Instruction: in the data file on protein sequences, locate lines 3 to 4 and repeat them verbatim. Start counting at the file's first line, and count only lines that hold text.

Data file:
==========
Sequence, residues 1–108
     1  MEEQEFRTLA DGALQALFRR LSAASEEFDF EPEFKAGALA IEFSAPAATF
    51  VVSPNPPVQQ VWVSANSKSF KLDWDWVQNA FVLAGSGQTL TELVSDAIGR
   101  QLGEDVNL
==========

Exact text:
    51  VVSPNPPVQQ VWVSANSKSF KLDWDWVQNA FVLAGSGQTL TELVSDAIGR
   101  QLGEDVNL